On Tuesday, the U.S. Senate Committee on Health, Education, Labor and Pensions (HELP) held a confirmation hearing for Secretary of Education nominee Betsy DeVos. Among other topics, DeVos was asked a wide range of questions about her views on school choice, accountability, equity, and the rising cost of college. In the coming week, the full Senate is expected to vote on DeVos’ confirmation. In the meantime, we’ve assembled 20 ASCD resources to familiarize you with policies a new Secretary of Education will face, as well as ways that you can advocate for education.
Catch Up on the Hearing
- If you didn’t have a chance to watch the hearing, you can watch the full archived version on C-SPAN.
- If you’d prefer a recap, check out a recent episode of the NPR program 1A, hosted by Joshua Johnson. Johnson invited ASCD authors Rick Hess (Education Unbound) and Diane Ravitch (EdSpeak) to discuss and debate what transpired at the hearing. Hess will be a panelist at ASCD’s legislative conference which starts this weekend. Listen to the NPR segment here.
Education Advocacy Resources
As educators, you advocate for your students every day. As you continue to engage in the ongoing education policy debates at the federal, state, and local levels, you may develop the desire to drive change on particular issues close to your heart. These ASCD resources can help you enhance your advocacy and expand your influence.
- Capitol Connection―Sign up for ASCD’s free advocacy and policy newsletter to receive weekly updates that will keep you informed about breaking policy news and help you get involved to help lawmakers make the best education policy decisions.
- Educational Leadership: What It Takes to Get a Policymaker’s Attention―This article shares advice for making your case effectively to make sure your advocacy goes right.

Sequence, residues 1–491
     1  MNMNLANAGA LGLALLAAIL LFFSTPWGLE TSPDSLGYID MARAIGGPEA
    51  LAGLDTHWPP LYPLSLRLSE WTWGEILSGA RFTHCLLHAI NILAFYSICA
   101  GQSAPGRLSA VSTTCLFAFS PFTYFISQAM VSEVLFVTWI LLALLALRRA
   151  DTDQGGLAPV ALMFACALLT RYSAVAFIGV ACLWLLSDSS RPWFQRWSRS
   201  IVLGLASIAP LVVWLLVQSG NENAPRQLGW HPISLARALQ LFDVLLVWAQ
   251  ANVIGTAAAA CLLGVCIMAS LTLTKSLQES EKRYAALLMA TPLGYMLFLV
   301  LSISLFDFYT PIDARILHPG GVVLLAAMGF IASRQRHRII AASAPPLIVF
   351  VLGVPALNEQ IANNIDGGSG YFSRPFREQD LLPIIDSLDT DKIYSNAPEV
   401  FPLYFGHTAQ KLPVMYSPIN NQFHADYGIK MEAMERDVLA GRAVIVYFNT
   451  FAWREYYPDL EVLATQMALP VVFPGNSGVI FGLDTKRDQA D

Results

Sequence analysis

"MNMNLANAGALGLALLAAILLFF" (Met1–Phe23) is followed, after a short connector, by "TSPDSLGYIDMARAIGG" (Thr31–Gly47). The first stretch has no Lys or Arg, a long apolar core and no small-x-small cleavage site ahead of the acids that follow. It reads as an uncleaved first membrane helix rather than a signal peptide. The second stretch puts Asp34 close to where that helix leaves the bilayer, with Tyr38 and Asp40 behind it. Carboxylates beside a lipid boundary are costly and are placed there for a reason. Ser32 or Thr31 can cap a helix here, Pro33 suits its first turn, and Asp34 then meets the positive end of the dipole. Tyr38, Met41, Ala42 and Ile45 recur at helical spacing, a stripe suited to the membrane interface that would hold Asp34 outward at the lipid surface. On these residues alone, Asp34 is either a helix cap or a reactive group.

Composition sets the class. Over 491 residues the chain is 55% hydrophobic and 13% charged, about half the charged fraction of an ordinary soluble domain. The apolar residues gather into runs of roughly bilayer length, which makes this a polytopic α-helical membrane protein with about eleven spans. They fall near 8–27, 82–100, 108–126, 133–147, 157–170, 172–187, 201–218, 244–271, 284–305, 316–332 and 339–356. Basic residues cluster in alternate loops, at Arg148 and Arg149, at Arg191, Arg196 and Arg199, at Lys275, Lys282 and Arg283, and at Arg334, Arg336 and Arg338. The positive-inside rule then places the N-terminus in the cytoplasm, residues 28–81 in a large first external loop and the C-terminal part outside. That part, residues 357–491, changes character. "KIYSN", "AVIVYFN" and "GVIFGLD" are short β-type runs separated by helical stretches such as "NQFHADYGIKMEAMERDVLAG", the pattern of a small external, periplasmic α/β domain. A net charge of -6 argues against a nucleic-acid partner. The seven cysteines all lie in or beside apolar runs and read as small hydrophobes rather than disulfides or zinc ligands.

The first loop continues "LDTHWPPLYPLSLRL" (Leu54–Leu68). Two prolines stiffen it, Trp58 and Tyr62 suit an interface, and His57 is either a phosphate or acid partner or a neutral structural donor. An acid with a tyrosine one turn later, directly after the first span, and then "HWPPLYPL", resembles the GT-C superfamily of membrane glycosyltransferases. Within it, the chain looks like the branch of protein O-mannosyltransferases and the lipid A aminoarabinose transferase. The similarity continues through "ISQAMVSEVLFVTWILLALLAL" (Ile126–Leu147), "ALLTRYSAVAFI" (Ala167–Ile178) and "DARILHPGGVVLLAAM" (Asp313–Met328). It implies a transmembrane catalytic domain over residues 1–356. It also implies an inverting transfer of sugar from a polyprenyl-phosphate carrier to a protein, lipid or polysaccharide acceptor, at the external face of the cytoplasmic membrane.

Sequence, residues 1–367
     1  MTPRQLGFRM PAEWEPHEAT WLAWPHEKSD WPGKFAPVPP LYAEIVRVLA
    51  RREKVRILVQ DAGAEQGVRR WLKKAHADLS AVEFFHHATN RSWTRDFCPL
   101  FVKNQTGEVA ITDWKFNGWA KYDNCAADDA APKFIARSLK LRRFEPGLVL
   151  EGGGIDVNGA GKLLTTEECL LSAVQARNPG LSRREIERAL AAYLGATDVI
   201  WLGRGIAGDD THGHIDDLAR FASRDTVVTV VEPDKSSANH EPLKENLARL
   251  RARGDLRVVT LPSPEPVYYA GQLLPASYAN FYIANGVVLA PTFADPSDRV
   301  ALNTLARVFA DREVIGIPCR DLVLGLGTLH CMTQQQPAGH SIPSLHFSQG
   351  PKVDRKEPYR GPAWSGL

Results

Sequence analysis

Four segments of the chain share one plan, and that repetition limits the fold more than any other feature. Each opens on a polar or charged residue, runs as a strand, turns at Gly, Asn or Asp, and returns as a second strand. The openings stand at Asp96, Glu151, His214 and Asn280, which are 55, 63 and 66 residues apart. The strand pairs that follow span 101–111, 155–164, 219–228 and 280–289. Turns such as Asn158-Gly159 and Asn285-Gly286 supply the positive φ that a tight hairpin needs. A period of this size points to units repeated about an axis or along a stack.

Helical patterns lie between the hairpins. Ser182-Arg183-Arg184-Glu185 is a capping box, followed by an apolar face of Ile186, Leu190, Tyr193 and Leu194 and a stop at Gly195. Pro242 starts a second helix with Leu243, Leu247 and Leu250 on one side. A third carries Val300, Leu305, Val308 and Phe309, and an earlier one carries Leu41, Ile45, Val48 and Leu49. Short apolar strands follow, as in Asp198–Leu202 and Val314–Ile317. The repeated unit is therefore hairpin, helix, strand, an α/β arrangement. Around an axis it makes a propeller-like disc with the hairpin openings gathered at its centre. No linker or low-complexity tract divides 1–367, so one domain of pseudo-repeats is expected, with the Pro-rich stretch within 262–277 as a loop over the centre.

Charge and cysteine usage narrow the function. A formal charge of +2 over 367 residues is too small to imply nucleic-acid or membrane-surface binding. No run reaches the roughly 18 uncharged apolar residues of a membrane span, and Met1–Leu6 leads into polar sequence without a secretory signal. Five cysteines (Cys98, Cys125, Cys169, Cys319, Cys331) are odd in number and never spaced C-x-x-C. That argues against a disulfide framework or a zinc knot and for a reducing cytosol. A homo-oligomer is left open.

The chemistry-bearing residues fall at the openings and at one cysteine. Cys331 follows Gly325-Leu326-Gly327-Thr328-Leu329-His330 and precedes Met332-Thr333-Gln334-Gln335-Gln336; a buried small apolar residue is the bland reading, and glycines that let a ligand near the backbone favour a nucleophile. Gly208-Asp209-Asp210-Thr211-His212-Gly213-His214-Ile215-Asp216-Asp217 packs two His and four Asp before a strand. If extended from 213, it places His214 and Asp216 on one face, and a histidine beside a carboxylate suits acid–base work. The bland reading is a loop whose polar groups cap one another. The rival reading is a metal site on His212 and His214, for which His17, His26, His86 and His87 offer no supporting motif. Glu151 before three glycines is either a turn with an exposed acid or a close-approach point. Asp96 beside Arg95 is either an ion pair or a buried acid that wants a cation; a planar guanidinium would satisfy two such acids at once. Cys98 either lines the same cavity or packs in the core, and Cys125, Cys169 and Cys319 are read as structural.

The Debate Over Choice
Many of the questions at the hearing were about DeVos’ long-standing ideological and monetary support for private school voucher programs. Senators tried to reconcile her support for unfettered “choice” with an expectation for a modicum of accountability for the use of taxpayer funds. Perhaps DeVos best summed up her view on this matter by declaring, “I trust parents.” Charter schools also were raised as a choice option. The following resources take a look at the successes of charter schools over the past quarter century, as well as areas for improvement.
- Policy Priorities: The Promises and Pitfalls of Charter Schools After 25 Years―This issue examines the ideas that spurred the charter school movement, the evolution of the concept and rationales behind them, and their current status as an education reform.
- Policy Priorities: Making Accountability Meaningful―This issue examines the benefits and challenges of more meaningful accountability systems and profiles pioneering states and districts that are doing this work.
- Educational Leadership: Smarter Charters―The authors give their perspective on ways in which charter schools are―and are not―living up to their promise, and ways to make them more effective.
Implementing the Every Student Succeeds Act (ESSA)
Several times during Tuesday’s hearing, the discussion turned toward ESSA, the primary federal K-12 education law in the U.S., which was signed into law by President Obama just over a year ago. Because the changes required under ESSA won’t fully take effect until the 2017-18 school year, committee members were interested to hear the nominee’s plans for supporting this continued implementation. The following resources will help you learn more about ESSA, the changes that will occur in your school or district as a result of the law’s implementation, and give the opportunity to get further involved.